Thursday, May 30, 2013

Working and writing–can it be done?

I’m going to throw this little post in while I have the chance. It’s half term and I’ve been at home for two days, yet I’ve still not gotten much done. I swear, the day goes by quick even when you’re not working (I can’t imagine how quickly it goes with kids at home too!)

So, how do we find time to write?

I have an extremely narrow attention span. I can focus on only one thing at a time. (Right now, juggling driving and listening to the radio is an attempt if I don’t know where I’m going.) When I teach, I just don’t have time to think of sitting down to write at the end of the evening. There’s planning and grading, and even when I’m doing supply teaching, just being able to have time to paint my toenails and watch TV for an hour is crucial. Plus, I have to get to bed on time. I’m not one of those who can function on five hours sleep at all.

But I, like everyone else, want to do it all.

I left some ideas in a new notebook before when I wasn’t working. I’d been reading Outlining Your Novel, and I’d had some good ideas to work with. Then I got the car, then started getting supply teaching offers again, and I just did not open that notebook again. Actually, it wasn’t until last night that I was able to get back in the mode of what the project was about, and this morning I jotted down some things before I took Steve to work.

I only have the rest of today and tomorrow for my “me” time, so even if I get more on that outline done, I’ll at least have something to work with when I get less busy outside of the house. I at least have a little writing notebook in my purse that I take along if I think of something.

Anyway, if I’m MIA for a while, that’s what I’m up to. Some days I barely touch Twitter because I just get caught up in other things. I know writing is a choice and requires dedication, but having a career and a pay check is important as well. I guess that’s where the juggling comes in. I just wish they had some kind of natural ADD medicine I could take. I’m lucky if I get a chapter of a book read before I fall asleep most nights.

Tuesday, May 28, 2013

The driving begins

It’s almost June and it’s gotten cold enough to switch the space heater on in the living room. Surely I will live to be a ripe, old age because I’ll never thaw out. Where is summer?

I know it’s been a while since I’ve posted, but I have been busy living this thing we call, “life.” On Wed, the 15th of May, I passed my Practical Driving Test! Changing instructors was the best thing I ever did for myself. It only took 3 months of driving with her and I passed my test on the first try after the switch. She’s awesome and while I’m relieved to have that stupid test over with, I’ll miss my lessons.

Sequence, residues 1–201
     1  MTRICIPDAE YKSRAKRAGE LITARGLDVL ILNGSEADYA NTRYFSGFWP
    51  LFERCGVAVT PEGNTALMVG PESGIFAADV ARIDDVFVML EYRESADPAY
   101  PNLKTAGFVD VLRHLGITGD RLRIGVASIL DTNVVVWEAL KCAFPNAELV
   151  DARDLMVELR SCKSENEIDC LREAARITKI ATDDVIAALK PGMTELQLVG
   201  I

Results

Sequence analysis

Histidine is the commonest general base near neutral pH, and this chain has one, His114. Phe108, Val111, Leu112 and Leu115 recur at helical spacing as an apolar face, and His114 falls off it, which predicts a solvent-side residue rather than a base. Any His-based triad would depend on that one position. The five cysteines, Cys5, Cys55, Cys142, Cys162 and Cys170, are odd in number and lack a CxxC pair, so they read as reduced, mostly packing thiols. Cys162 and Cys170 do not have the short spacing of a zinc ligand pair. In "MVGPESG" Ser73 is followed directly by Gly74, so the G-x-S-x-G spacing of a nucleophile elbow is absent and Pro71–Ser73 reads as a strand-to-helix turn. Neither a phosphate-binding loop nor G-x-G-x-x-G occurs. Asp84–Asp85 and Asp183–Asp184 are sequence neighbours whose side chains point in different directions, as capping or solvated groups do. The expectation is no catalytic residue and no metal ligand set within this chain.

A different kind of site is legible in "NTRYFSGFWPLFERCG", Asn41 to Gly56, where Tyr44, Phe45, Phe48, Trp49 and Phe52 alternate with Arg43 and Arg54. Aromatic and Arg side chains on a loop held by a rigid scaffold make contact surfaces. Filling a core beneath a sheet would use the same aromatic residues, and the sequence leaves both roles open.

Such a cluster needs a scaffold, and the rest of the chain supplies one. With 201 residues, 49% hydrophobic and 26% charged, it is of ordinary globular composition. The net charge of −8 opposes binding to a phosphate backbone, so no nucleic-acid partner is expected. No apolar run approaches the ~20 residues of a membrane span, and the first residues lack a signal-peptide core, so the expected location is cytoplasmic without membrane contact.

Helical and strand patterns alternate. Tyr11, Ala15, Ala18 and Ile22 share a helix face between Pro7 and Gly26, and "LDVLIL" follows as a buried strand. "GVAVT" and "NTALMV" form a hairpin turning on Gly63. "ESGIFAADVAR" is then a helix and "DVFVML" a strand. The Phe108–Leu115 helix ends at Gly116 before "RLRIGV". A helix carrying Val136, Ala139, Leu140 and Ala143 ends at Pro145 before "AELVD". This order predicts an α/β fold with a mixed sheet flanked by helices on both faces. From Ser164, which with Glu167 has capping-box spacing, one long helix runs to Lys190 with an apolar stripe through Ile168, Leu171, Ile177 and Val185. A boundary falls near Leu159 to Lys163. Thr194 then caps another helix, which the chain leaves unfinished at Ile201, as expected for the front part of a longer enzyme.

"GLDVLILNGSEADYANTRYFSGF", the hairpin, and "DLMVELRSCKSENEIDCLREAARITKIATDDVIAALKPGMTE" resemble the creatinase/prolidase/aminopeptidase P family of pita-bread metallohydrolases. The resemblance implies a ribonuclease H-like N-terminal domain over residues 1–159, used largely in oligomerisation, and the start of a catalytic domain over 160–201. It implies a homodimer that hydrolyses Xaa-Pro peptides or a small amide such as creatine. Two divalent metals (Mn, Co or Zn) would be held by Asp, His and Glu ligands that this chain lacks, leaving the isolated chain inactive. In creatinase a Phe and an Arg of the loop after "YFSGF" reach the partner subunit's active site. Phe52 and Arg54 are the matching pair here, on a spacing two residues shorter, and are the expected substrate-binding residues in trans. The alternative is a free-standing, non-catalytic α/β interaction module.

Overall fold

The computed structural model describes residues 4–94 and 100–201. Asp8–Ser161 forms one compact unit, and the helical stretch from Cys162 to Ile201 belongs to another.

So, after passing my test, I was exhausted emotionally - the whole process is a 40 minute drive that renders you mindless because you’re so freaking nervous. But I went to search for cars as I had been doing for a year since I started learning to drive.

Let me tell you what an absolute pain buying a car can be. First, I wanted to try the Kia Soul because it’s so stinking cute. They had a used silver one at Benfield and I took the Metro, then walked all over creation, including a busy highway, just to get to the car lot. The salesman was nice, and I drove on some quieter roads, just to get the feel of the car. I drove it pretty well, and I would have bought it, but Steve assured me that I should try out some others. I asked about the promotions they have for the Nissans there, but was told that the £115 a month sales on the Micras were only if you put down a huge £3000+ deposit. No thanks. I told them I’d be back for the Kia once my husband was available to look on Saturday. Of course the salesman wanted to drop the car off at the house to ensure we focused in on the one car, but I declined the generous offer.

I moved on to Evans Halshaw because we had looked at new Hyundais a while back. The salesman there was nice and he had to shoo off another salesman as we were looking (to which he apologized for his co-workers actions.) We really thought we’d get that i20, even after we looked at the Vauxhall Adam which was too small, but very cute. The salesman at the Vauxhall branch leaned in the window very intrusively as well, and we wanted to get out the minute we got in. Well, when I went back to Evans to look at used Hyundais, I noticed that few cars had any info on them. When I asked for the mileage on an i30, some super pushy salesman came out, stood in the door of the car so I couldn’t get out, told me all about how Evans was the best place to buy because people always come back. After sitting in the stupid car for 1 minute, the pushy salesman goes, “So, do you want it?” I really should have laughed at him, but instead I had to push past him to get out of the stupid car, and told him how I wasn’t going to buy anything until Saturday. He tried to get me to buy some weird looking Peugeot too which was and never has been in my consideration list. (No offense to Peugeot.)